The story of my pincushions

I have three pin cushions. All of them have beauty and sentimental meaning.

Tapestry pin cushion

The first is a tapestry pin cushion made by my mother. I like it as it quite big and you can always find it. The muted colours make it look subtle and antique. Like most ladies of her generation she learnt to sew, knit, and cook as she grew up. Her own mother was disabled and my Mum had to look after her and do quite a lot of the domestic work. So although she much prefered shopping to sewing once she got married she has always done tapestry. Two antique chairs, some footstools and other items in the house look something like this pincushion, with traditional floral patterns. Tapestry pin cushion

Hand made felted tomato pin cushion

My second pin cushion was made by Jackie Parsons of Bopeepkids.com. I met her at a craft fair at just the moment when I wanted a wrist borne pincushion, and she was selling a couple, handmade from felted wool.

Jacqui in Camberwell Green
Jackie in Camberwell Green

This one is very useful as I wear it when I am sewing – but especially when I am fitting or pinning on the stand, or doing a hem. I stitched an elasticated cuff on it so it was comfortable to wear. Jackie told me why the traditional shape and colour of a pin cushion is tomato shaped.

Hand made felted tomato
Felted tomato pin cushion

Apparently when a family moved into a home of their own they would set a tomato on the mantlepiece as it was said to bring prosperity and ward off any bad spirits. But if you could not get a fresh tomato then families would make a tomato from red fabric and fill it up with stuffing, sand or sawdust being the kind of thing they would have available. This meant it was also a good place to store pins safely. The tomatoes are ubiquitous, but some have a little strawberry attached, filled with emery or sand to keep pins and needles sharp – anyone know what the strawberry signifies?

Antique pin cushion

My third pincushion is an actual antique, a gift from my husband who supports my sewing hobby in his own sweet way. I understand it is English, dating from about 1850s. It has a seam clamp and it is  attached to a table by means of a screw. It is designed to hold up the hem of a garment. On the top is a velvet pin cushion. Some of these are much more ornate, but I like the design of mine. I never use it but I like it sitting by my side.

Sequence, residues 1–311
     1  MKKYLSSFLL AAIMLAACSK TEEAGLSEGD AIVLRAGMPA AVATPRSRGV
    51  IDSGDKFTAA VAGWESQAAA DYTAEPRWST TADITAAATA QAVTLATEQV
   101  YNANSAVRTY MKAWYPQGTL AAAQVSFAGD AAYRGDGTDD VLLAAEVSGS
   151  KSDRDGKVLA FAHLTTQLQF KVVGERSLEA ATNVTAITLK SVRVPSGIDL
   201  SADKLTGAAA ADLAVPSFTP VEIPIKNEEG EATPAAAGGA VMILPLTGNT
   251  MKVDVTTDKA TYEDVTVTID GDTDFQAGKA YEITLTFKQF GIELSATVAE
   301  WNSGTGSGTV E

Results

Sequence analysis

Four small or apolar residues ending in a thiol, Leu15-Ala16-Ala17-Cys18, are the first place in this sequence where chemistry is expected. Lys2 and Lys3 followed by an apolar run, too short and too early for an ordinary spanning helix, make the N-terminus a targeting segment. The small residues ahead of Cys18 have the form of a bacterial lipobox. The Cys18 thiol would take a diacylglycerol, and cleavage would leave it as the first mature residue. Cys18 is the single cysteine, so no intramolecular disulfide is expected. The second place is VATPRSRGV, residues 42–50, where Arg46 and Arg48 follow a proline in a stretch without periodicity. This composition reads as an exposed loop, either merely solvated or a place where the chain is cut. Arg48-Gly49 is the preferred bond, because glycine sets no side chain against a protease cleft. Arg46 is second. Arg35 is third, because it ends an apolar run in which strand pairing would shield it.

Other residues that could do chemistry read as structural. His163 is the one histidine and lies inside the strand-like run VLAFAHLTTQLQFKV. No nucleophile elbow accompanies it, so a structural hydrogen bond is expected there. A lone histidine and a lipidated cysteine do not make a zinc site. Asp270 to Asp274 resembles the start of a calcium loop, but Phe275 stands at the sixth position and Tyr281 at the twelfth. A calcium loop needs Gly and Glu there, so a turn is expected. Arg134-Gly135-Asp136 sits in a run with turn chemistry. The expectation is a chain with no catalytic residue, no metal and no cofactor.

antique pin cushion and fabric clamp
1850s pin cushion and fabric clamp

9 Responses

  1. rosemary

    I have made a few pincushions usually outt of quilting cottons. Nothing fancy, I do have a packet of emery to make a strawberry someday.

  2. Lesley Scott

    I like that antique curiosity Kate. My sister and Mum sent me 2 very heavy antique shoe pincushions from the UK. I think they’re pewter? I don’t use them but love my wrist pincushion of felted wool and a very handy leather strap with velcro. You should hear me swear when I’m trying a sleeved garment on and forget its on my wrist!

    • fabrickated

      I have seen those shoe pincushions too. They seemed to be a 1950s or 1960s thing – with black or blue velvet? And the number of times I have put on a top with my pincushion sticking to everything.

  3. Linde

    You have just reminded me I still have my wrist pin cushion from college days which makes it 40 years old! I do love the tapestry one it looks lovely.

  4. Stephanie

    Very interesting, K. I love the one your mum made. The antique one is fascinating. I have kind of an interesting one my mom gave to me. The base is an antique or at least old cup, with a stuffed and fabric-covered top. Not sure if she made it or purchased it from some crafty person, but it is very practical as it even has a handle and is quite robust.

  5. Susan

    The antique one reminds me of one I was given, Chinese, called a bird, to hold fabric! Nice .

  6. Gail

    My mother used to make pin cushions by covering and padding recycled tins. They were sold at school fetes. I wish I’d kept one.

  7. Alli

    That’s interesting about why so many pincushions are tomato-shaped — I didn’t know that! What is a seam clamp for? I really like your antique pincushion, especially the C clampiness. 🙂

  8. Kaino Kani

    The pincushion to “hold the hem” is actually very handy when you have to sew by hand long seams – or hems.

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